KUNDUZ (Afghanistan) • The Taleban has seized partial control of a major Afghan city - the first time the militants have done so since the United States-led invasion in 2001.
The Islamist group was driven out of cities when it was ousted from power by a Nato coalition in 2001 but has maintained control over parts of the countryside. Kunduz, in the north-east, is the country's fifth-largest city, located about 250km north of the capital, Kabul.
"The Taleban has taken over our neighbourhood, which is part of Kunduz city. I can see their fighters all around," an Agence France- Presse journalist in the city said yesterday.
A senior tribal elder said the militants had taken control of one of the city's districts, while a second elder said his house was now around 100m from their forward line.
"The Taleban launched a major offensive from different sides on Kunduz city, with the major push coming from the north, beginning at 3am last night," said the elder, who requested anonymity. "The Taleban are less than 1km from the city centre," he said, adding they had also seized a 200-bed hospital.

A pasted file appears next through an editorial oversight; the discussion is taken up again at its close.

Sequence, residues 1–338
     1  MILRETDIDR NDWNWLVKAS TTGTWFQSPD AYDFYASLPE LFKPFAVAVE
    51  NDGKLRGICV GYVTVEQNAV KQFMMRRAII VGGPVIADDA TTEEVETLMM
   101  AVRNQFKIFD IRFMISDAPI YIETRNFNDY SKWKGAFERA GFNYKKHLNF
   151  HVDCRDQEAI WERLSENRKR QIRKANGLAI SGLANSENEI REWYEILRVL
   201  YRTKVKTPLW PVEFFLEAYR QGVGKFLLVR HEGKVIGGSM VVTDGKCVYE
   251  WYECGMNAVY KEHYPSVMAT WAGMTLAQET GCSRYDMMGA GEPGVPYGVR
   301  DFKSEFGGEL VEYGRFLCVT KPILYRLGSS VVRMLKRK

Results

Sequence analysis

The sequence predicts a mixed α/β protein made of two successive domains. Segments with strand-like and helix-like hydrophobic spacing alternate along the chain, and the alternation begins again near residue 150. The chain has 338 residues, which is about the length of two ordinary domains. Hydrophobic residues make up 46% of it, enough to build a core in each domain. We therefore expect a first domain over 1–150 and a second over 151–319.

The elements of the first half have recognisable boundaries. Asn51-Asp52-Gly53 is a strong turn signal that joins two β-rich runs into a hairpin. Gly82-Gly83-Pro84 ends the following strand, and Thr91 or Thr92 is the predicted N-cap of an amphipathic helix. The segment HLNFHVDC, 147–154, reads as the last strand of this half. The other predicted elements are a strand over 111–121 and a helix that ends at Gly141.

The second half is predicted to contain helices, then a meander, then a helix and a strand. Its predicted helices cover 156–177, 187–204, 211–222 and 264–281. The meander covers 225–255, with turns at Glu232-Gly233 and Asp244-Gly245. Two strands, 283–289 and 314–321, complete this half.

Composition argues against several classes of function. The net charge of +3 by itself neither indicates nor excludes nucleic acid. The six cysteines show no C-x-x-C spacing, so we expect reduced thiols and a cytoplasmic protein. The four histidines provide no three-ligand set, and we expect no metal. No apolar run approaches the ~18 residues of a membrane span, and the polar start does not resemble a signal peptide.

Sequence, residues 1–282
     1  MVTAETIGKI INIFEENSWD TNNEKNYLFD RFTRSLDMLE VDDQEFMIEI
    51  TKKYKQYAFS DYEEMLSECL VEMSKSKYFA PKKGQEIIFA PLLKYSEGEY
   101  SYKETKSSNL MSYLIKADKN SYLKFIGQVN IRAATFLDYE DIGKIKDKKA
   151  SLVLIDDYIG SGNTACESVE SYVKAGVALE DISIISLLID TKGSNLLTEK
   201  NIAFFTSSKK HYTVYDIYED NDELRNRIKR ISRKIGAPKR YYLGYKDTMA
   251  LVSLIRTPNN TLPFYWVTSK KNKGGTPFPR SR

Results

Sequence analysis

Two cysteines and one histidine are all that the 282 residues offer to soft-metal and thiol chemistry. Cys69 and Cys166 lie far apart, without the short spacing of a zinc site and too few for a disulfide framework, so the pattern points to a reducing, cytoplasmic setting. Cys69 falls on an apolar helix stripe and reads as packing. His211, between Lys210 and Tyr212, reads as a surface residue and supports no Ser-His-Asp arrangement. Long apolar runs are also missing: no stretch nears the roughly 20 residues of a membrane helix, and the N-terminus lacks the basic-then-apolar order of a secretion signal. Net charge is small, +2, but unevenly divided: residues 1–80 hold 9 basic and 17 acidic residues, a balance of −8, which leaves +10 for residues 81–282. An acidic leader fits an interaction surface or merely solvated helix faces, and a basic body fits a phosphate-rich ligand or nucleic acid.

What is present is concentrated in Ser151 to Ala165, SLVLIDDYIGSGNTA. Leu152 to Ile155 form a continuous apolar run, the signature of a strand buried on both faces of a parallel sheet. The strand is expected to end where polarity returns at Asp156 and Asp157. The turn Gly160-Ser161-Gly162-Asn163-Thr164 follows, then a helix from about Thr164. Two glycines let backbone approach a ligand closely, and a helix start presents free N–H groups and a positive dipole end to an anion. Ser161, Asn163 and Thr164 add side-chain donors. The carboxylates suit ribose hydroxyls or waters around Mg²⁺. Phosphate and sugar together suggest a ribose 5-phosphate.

But government officials denied the reports, and said they are battling the insurgents on the city's outskirts. "The Taleban, in the early morning, had managed to enter one neighbourhood on the edge of Kunduz city, but they have been pushed back with heavy casualties. Our forces are pursuing them," said the province's police spokesman, Mr Sayed Sarwar Hussaini.
A statement issued by the Ministry of Defence said: "Thirty-five enemy fighters have been killed. The Afghan security forces assure the people that they have inflicted a heavy blow on the enemy, and will provide security to all people of Kunduz province."
Afghanistan's Nato-trained police and army personnel have been fighting the militants this year without the front-line help of foreign forces, which ended their combat mission in December last year.